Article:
Heico’s Parts Division Posts 10% Sequential Improvement

Boeing 747 engine
Credit: Patrik Stollarz / AFP / Getty Images

Parts supplier Heico Corp. saw its Flight Support Group (FSG) business unit revenues improve 10% sequentially for its most recent fiscal quarter, yet another sign that a sustained commercial aftermarket recovery is underway.  

The alternative-parts specialist’s fiscal 2021 fourth-quarter (Q4) results, which covered the three-month period ended Oct. 31, included a 34% year-over-year jump in FSG revenues, to $260.4 million, the company said. 

More importantly, it marked the fifth straight quarter of sequential growth, pointing to continued uptick in demand for spare parts driven by an increase in air transport fleet activity. 

Heico’s parts sales are shaped largely by near-term demand, making its results a reliable barometer for current industry trends. Company executives acknowledge that the upward revenue trend is neither universal globally nor is it likely to remain smooth as new COVID-19 threats emerge. 

“There’s a lot of growth potential because not all of our markets have recovered,” FSG President Eric Mendelson said on a Dec. 16 earnings call. “So we still have a very big potential in the international market in particular, in Asia, and to a lesser extent, in Europe and South America, to see recovery. I think that we’ve got plenty of green shoots ahead of us. But there’s no question that the omicron [coronavirus variant] will hold back the industry. We’ll have to see really what happens over the coming days and weeks.”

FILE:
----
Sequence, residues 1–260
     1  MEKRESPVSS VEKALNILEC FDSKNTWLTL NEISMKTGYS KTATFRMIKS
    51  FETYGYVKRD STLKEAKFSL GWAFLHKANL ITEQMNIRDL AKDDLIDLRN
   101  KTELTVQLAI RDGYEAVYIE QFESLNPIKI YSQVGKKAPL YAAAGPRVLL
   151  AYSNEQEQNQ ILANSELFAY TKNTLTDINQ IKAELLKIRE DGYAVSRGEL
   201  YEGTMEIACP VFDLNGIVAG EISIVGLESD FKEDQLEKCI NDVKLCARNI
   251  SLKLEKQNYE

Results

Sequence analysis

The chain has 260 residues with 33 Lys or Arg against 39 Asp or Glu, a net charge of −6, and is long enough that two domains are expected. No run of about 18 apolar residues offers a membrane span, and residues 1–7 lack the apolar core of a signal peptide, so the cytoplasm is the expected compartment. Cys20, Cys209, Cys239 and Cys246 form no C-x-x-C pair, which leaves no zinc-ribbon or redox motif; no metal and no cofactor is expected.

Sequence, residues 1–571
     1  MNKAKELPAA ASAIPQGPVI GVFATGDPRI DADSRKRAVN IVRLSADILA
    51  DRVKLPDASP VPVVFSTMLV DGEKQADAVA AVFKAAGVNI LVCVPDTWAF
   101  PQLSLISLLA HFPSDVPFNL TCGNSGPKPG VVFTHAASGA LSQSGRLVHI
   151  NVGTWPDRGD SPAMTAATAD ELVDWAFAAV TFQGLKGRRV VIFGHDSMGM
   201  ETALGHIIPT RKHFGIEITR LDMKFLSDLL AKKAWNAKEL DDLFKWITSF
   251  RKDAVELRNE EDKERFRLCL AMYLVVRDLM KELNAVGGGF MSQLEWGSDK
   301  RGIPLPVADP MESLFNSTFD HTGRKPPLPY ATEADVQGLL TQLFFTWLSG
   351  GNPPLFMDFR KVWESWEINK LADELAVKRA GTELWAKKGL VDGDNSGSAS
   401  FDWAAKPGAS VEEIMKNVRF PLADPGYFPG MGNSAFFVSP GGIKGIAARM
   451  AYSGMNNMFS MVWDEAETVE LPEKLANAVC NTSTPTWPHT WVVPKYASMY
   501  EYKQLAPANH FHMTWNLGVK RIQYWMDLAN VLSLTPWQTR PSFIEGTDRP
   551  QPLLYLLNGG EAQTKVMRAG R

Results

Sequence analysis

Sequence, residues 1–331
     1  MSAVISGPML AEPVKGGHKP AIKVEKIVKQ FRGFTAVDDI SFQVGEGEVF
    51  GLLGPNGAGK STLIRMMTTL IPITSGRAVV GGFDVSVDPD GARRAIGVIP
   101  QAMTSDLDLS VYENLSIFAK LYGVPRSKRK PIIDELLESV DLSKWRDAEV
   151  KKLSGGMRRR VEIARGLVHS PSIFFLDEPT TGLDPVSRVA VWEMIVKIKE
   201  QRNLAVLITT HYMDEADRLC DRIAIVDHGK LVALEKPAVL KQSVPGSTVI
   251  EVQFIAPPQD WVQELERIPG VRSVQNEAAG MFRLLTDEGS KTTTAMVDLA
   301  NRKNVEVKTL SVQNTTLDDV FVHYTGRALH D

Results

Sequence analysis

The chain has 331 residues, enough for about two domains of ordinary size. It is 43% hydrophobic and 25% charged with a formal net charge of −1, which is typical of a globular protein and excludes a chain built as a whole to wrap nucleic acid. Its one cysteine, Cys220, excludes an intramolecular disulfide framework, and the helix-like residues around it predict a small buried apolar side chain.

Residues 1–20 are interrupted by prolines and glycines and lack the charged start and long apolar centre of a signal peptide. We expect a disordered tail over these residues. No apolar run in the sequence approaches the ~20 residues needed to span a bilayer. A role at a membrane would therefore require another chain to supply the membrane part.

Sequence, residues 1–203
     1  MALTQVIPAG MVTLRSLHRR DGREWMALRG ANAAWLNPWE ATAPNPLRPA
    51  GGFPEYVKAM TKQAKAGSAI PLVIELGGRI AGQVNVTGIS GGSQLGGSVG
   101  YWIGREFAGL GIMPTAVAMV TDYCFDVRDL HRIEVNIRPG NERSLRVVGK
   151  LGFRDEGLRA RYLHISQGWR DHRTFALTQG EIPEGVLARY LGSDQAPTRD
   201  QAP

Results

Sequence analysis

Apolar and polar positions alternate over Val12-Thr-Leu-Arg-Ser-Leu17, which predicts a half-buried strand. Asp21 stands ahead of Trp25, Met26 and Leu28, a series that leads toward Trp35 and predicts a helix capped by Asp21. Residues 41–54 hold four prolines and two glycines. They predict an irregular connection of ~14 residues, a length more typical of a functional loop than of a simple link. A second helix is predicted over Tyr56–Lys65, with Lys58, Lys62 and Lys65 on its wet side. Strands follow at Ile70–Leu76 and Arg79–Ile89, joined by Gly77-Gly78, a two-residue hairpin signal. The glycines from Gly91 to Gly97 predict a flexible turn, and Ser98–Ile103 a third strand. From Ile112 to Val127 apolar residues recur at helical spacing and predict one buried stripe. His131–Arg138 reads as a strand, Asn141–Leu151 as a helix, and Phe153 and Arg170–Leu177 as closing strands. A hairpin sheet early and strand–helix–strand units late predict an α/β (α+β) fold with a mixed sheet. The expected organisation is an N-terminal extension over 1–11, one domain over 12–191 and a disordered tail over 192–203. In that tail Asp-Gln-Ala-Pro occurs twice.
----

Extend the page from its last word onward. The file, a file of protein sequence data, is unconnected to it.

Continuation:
Heico’s recovery, while steady, still has a ways to go to reach pre-pandemic sales levels. Q4 2021 FSG sales were 80% of comparable 2019 sales, and the pandemic’s lingering uncertainty will likely keep even the strongest segments from a full recovery for another year or so. 

“I don’t think it’s likely that the domestic narrowbody [sales] will be back to 2019 levels in 2022,” Mendelson said, referring to his company’s business. “If it is, I think it’s more towards the end of 2022. We’re doing extremely well, but I want to be really careful to not get ahead of ourselves here. There are certain fleets that have been retired. So, that’s going to be a bit of a headwind. Maybe if it happens, it’s by the end of 2022.” 

As a developer of OEM-alternative parts, Heico is heavily reliant on older platforms. It has considerable parts for workhorses such as the Airbus A320ceo and Boeing 737 Next Generation families, but it benefits least from heavy usage of current-generation models, such as the A320neo and 737 MAX. Airlines with a choice are flying these current-generation models most, both to leverage their operational efficiencies such as lower fuel burn as well as to take advantage of warranties and so-called maintenance honeymoons that help them minimize maintenance costs. 

Sean Broderick

Senior Air Transport & Safety Editor Sean Broderick covers aviation safety, MRO, and the airline business from Aviation Week Network's Washington, D.C. office.